| Name:Amy E. Feldman
|Job Title: General Counsel, The Judge Group; Media Commentator
|Drinker Biddle practice and years: Labor and Employment, Director of Professional Recruitment, 1994-1998
|Education: Cornell University, B.A. 1991; University of Pennsylvania, J.D., 1994, M.S., Education, 1994
|Hobbies, Family and Civic Activities: Spending time with family, Writing
Between her job as a general counsel, a side job as a media commentator, working on another book and being a mom, Amy Feldman doesn’t have a lot of spare time. But she wouldn’t have it any other way.
“I’m really grateful my time is so full,” she said. “I’m happy when I’m busy. I like to focus on the things that are in front of me right now.”
Amy is general counsel for The Judge Group, a professional services and international staffing company that operates in four countries and has more than 35 offices in the United States. She is also a nationally syndicated legal correspondent and runs the website yourlegalexplainer.com.
Born and raised in Philadelphia, Amy always knew she wanted to be a lawyer but was also drawn to the education field. Her grandparents and mother were teachers and she loved the idea of teaching, so she completed her master’s degree in education concurrently with her law degree from the University of Pennsylvania in 1994. She was a Drinker Biddle summer associate and became a Labor and Employment Group associate in 1994.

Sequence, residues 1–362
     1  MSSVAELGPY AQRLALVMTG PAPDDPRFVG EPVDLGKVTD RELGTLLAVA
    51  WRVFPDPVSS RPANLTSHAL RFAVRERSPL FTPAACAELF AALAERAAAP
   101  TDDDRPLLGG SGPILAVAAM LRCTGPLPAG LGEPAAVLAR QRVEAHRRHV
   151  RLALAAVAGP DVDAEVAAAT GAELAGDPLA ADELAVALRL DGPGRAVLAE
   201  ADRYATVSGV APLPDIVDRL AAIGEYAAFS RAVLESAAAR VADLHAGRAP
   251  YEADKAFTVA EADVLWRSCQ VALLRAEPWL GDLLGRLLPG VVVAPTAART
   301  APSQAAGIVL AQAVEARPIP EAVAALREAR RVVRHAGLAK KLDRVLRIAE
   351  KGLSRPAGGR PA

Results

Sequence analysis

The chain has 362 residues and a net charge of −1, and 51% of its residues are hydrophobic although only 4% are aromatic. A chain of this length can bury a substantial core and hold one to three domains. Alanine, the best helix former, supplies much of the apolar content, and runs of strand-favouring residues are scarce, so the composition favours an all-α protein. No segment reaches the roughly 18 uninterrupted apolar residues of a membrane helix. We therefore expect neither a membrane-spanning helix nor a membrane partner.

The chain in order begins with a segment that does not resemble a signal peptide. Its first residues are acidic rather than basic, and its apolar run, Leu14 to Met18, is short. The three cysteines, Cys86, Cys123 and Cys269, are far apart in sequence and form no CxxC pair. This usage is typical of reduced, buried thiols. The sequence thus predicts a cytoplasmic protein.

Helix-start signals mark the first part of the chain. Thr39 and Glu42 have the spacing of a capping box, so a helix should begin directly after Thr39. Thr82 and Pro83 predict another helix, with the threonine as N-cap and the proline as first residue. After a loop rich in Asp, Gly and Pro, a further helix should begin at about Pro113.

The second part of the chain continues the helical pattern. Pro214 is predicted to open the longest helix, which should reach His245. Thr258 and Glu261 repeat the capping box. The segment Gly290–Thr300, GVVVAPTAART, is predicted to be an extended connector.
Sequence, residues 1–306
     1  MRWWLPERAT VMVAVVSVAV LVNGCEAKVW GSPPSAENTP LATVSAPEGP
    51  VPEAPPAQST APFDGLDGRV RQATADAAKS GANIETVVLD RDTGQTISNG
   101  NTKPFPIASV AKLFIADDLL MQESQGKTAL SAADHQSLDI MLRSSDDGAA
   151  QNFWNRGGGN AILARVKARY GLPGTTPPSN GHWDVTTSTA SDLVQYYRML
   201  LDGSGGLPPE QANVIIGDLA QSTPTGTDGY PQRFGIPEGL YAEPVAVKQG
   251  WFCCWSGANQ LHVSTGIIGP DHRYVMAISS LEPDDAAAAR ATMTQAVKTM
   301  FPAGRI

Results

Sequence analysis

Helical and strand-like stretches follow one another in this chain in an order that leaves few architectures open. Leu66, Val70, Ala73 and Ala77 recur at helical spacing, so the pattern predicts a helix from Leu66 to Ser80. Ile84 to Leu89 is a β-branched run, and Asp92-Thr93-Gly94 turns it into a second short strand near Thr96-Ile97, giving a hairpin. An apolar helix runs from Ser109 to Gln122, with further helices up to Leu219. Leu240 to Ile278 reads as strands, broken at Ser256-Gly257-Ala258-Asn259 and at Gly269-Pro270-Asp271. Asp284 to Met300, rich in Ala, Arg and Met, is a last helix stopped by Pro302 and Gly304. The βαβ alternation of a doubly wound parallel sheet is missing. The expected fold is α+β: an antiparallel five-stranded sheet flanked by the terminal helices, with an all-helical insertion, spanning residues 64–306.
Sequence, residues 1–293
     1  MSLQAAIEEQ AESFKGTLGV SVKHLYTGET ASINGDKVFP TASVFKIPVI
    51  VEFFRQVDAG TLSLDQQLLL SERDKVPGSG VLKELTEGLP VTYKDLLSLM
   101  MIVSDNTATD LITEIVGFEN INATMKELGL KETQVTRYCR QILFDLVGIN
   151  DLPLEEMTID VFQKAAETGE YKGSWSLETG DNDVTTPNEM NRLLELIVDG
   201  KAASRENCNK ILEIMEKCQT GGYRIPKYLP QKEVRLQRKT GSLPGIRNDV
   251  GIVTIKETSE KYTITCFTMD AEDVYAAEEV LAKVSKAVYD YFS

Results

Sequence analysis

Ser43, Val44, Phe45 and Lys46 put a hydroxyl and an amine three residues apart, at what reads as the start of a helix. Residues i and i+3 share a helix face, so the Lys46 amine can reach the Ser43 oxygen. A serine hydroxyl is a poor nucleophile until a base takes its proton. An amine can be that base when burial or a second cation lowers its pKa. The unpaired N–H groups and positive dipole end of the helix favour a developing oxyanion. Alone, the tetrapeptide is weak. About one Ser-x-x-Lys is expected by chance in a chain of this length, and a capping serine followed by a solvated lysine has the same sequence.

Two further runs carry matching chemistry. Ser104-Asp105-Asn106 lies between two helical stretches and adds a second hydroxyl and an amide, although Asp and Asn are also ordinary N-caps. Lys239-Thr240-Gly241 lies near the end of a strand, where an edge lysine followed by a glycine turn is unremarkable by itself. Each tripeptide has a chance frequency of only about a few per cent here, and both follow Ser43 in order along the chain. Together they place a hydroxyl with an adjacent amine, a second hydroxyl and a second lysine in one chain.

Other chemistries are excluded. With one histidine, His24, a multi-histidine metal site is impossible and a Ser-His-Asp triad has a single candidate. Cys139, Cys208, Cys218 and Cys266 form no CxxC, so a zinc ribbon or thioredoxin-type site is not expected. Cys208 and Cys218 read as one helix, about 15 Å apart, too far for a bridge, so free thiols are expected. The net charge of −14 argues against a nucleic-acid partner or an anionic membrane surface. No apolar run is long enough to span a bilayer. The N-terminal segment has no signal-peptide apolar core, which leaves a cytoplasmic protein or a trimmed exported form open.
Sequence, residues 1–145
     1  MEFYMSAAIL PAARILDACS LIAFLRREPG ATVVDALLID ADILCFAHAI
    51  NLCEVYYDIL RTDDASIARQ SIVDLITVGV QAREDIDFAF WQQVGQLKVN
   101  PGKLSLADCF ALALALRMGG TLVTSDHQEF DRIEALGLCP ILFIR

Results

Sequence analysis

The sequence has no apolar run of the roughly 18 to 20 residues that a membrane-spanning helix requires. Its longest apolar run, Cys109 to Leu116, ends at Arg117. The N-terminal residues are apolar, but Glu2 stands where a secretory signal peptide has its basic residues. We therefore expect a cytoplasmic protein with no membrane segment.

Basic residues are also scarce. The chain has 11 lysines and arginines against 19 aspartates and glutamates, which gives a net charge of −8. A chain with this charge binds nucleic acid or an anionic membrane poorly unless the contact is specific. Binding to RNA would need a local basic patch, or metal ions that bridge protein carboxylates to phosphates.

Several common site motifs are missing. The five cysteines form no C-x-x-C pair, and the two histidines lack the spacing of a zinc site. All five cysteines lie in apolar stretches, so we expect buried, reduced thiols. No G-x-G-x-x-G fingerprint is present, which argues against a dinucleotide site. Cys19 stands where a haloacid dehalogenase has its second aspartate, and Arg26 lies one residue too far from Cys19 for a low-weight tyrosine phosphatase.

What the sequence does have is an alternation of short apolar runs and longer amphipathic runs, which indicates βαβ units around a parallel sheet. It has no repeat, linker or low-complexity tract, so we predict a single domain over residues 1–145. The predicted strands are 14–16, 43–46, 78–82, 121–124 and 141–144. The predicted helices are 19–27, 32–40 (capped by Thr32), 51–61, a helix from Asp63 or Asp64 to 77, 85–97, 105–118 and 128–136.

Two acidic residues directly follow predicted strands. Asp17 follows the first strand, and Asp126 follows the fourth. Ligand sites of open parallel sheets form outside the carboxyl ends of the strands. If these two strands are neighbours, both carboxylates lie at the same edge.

Amy later stepped away from full-time practice to serve as Director of Professional Recruitment, recruiting lawyers and heading up the summer program. During that time, Drinker Biddle alumnus Karen Keating approached Amy about becoming in-house counsel at The Judge Group. As a former Corporate Group associate, Karen had represented the staffing company in its initial public offering and left the firm to be The Judge Group’s general counsel. It was a great fit for Amy, whose labor and employment experience was invaluable for a staffing firm managing more than 4,500 contractors working at client sites in different states daily. When Karen accepted an offer with another company in 1998, Amy was 28 and had only been out of law school for about five years. She remembers walking into the CEO’s office to offer him help in finding a new general counsel.
“He said to me, ‘Don’t bother. I’m looking at her,” Amy recalls.
It was an exciting experience and there was a huge learning curve, but Amy said she was lucky to have a boss and co-workers who supported her professional growth and understood when outside counsel was needed. Twenty years later, Amy said she feels lucky to still be working with people and a company that she loves. Amy said one of the most important parts of her job is to just wander the hallways and listen and talk to people so that if they’re worried or something isn’t going right, they will feel comfortable coming to her. She has helped others with personal issues that may be affecting their work, and in some cases, has helped with legal paperwork to support someone’s family following a medical emergency.
“I always say that I don’t judge my success based on how many lawsuits we win. I judge my success on how many lawsuits are never brought in the first place,” she said. “I feel very grateful to be where I am right now because I do feel like I get to help people on a personal basis in addition to a professional basis.”
Ask Amy, Esq.